It sounds like your Ford Mustang might be running lean. Have you checked for any vacuum leaks? Make extra sure all vacuum lines are connected and that none are broken or brittle. Just as a vacuum leak (after the throttle plate) will lean the fuel mixture, low fuel pressure (dirty fuel filter/defective fuel pump) will do the same. So check fuel pressure as well.
If the oxygen sensor wiring is intact, and since you mention the oxygen sensors are new, we'll assume the O2 sensors are sending the correct voltage to the PCM, and that the PCM is trying to control air/fuel ratio... so we'll move on to the most important sensor in fue control.
Next, have your checked your Ford's MAF (Mass Air Flow Sensor)? If you're certain the EGR system is working right, and you've already changed the catalytic converter, we'd recommend focusing on fuel control, specifically the MAF.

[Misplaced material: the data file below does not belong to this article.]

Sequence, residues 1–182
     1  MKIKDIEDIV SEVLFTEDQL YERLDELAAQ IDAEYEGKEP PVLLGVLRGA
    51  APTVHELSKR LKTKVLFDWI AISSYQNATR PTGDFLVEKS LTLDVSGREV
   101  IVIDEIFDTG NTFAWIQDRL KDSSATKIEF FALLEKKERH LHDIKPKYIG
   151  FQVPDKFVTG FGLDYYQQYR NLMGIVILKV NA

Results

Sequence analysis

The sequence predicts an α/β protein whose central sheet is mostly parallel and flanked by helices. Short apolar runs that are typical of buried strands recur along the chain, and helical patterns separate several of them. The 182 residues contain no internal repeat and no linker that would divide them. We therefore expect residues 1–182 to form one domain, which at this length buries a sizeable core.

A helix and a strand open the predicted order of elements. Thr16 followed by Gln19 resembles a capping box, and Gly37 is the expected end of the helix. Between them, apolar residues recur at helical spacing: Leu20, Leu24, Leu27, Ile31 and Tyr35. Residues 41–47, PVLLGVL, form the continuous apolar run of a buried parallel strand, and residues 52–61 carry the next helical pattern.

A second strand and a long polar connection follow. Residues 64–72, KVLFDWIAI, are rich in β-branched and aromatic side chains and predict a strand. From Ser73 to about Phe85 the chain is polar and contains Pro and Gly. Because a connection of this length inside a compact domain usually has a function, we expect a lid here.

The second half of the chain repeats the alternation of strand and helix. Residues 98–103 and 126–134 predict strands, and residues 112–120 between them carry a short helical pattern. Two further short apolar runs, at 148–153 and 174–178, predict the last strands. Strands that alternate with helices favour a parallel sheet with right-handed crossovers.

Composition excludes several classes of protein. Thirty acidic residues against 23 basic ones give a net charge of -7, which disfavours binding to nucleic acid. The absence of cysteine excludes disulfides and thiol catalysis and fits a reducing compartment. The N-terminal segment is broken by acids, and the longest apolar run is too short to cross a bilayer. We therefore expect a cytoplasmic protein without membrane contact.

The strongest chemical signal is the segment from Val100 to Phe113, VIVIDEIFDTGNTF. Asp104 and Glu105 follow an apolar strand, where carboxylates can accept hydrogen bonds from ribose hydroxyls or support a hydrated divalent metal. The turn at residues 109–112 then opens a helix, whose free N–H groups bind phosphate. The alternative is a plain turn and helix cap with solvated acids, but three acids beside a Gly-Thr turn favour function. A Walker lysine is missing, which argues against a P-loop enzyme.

Make sure the Mass Air Flow sensor has 12v and good ground, and that it is producing the correct voltage output.
At idle and with your Ford Mustang's engine at normal operating temperature, the MAF sensor should produce a signal voltage of .09 to 1.6 volts. The MAF sensor's entire operating range should be between .0 to 5 volts. After conducting some tests you may notice the MAF is producing below normal voltage, and this will inicate the MAF is defective.
The MAF should be tested while the engine is at idle and 2500rpm, and without removing the MAF harness. Below we indicate which wires should be tested using a voltmeter. Your Ford Mustang's MAF sensor should be imprinted with the following letters; indicating the wires function.
Wire A: 12 Volts.
Wire B: Ground.
Wire C: Ground from PCM.
Wire D: MAF Signal.
Wire E: Air Temp. sensor circuit (N/A on 4-wire MAF sensor).
Wire F: Air Temp. sensor circuit (N/A on 4-wire MAF sensor).
Check and cross check for voltage and ground, both between the battery terminals, and the PCM. If all checks out, test the signal wire. While the engine is idling check for voltage from the MAF signal wire and a good known ground. Ensure as engine speed increase, so does voltage; and the increase (or drop) is smooth and steady.